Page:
Bob Franken

The New York Times Bad Taste About Food

Sometimes the choice of what is news reveals way than the stories themselves. Sometimes they give us a clear look at the social perspective of those who make journalistic decisions. The front pages of our two so-called “Papers of Record” gave us a particularly revealing comparison of what their editors considered important, at least on Tuesday.

In the New York Times, the headline was “Lavish Door to Food Is Shut in Magazine World”. In the same spot in the Washington Post it was “Identity Crisis Accompanies Va. Family’s Financial Slide” The Times was mourning the loss of Gourmet Magazine, which is being shut down after “—a rich history—that lived and sold the high life”. The Post meanwhile was chronicling a middle class family that has suddenly been thrust by the economy into homeless and “depths they had never imagined”, The quotes are from each article.

What a juxtaposition! These were just single news articles, but their placement on the front page speak (or in this case write) volumes about what the editors at the New York Times consider important. A magazine devoted to finest foods versus the spreading plague of those who are desperately seeking their sustenance from food banks. Not that the Washington Post always gets its journalistic priorities straight, but on this Tuesday it kicked the stuffing (pardon the pun) out of the Times.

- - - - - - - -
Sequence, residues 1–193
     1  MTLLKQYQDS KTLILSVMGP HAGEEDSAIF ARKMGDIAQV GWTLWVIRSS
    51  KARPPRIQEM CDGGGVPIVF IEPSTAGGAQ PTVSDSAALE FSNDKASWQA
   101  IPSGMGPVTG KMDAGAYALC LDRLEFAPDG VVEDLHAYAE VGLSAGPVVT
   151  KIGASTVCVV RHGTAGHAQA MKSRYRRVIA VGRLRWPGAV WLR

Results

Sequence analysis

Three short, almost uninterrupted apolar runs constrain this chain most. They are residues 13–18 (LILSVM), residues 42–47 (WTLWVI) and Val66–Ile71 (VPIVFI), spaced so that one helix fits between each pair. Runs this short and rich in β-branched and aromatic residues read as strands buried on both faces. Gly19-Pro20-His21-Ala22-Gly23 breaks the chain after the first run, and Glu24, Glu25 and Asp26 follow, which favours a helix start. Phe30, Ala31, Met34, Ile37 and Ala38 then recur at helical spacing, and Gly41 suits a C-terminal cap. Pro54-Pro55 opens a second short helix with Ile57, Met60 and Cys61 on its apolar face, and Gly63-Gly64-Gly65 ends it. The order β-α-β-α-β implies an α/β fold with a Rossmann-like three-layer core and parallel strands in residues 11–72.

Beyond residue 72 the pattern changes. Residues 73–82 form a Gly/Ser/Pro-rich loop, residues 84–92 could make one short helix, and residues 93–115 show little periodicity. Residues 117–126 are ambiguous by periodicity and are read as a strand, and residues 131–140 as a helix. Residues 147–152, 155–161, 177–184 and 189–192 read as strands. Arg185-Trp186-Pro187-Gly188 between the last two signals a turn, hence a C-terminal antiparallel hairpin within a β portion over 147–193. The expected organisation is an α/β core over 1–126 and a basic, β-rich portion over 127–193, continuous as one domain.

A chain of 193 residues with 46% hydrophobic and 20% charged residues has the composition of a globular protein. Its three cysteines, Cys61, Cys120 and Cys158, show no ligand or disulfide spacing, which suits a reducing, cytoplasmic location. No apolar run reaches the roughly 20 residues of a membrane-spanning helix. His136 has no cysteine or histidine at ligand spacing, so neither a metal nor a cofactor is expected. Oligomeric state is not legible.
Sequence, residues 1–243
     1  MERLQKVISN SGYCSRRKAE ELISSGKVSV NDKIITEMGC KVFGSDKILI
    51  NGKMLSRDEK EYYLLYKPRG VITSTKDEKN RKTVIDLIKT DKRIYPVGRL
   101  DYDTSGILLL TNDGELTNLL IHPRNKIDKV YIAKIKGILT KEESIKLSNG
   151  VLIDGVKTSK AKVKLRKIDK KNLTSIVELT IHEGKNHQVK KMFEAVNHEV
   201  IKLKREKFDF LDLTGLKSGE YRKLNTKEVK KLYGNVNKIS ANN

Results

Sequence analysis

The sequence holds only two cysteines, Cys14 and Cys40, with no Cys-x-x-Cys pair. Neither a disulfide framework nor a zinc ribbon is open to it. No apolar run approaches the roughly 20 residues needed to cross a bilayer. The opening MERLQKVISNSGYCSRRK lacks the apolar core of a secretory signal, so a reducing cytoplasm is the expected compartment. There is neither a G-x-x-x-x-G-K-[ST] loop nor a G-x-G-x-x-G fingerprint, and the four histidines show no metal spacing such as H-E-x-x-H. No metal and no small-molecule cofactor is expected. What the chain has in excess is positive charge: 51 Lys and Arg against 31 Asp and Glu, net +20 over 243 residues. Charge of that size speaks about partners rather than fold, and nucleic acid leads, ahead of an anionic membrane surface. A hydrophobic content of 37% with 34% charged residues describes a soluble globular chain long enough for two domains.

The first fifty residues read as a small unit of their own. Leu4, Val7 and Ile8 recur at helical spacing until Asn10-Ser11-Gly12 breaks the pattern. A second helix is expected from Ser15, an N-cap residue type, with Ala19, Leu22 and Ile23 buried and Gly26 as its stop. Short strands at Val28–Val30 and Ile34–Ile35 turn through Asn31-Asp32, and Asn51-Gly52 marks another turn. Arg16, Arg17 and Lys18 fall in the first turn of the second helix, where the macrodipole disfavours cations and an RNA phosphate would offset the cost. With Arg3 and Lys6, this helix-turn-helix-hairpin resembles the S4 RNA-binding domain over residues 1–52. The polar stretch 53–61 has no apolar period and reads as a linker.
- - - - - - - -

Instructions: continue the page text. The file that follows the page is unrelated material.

Why does this matter? Because it’s symptomatic of the larger problem. When, arguably, we should all be rallying around those who need help, and finding ways to share the wealth, those who have too much of it, continue to hoard it and spend their time feeding their connoisseur indulgences , ignoring the growing crowds who must forage in the gutter. And, as we see, far too often, those who control our media wallow in the same unconscionable elitism—that is the ones who haven’t driven their papers into bankruptcy.

At the same time the fat cats are busy slinking around sneaky novel ways to accumulate even more money, by dreaming up new clever investment gimmicks and subterfuges. They continue to be hellbent on giving truth to the old song that “Them that Gots Gets” while everyone else gets the shaft.

Does he passing of “Gourmet” deserve coverage. Absolutely—perhaps in the business section of the paper, or the foodie part—as opposed to the front page. That’s where we need the reports about how more and more people are often desperate to have any food at all. It’s not where to place the trivial loss of a magazine, particularly one in today’s environment that chronicled the “Let Them Eat Cake” mindset that has obviously taken over those who decide what’s important at the New York Times.

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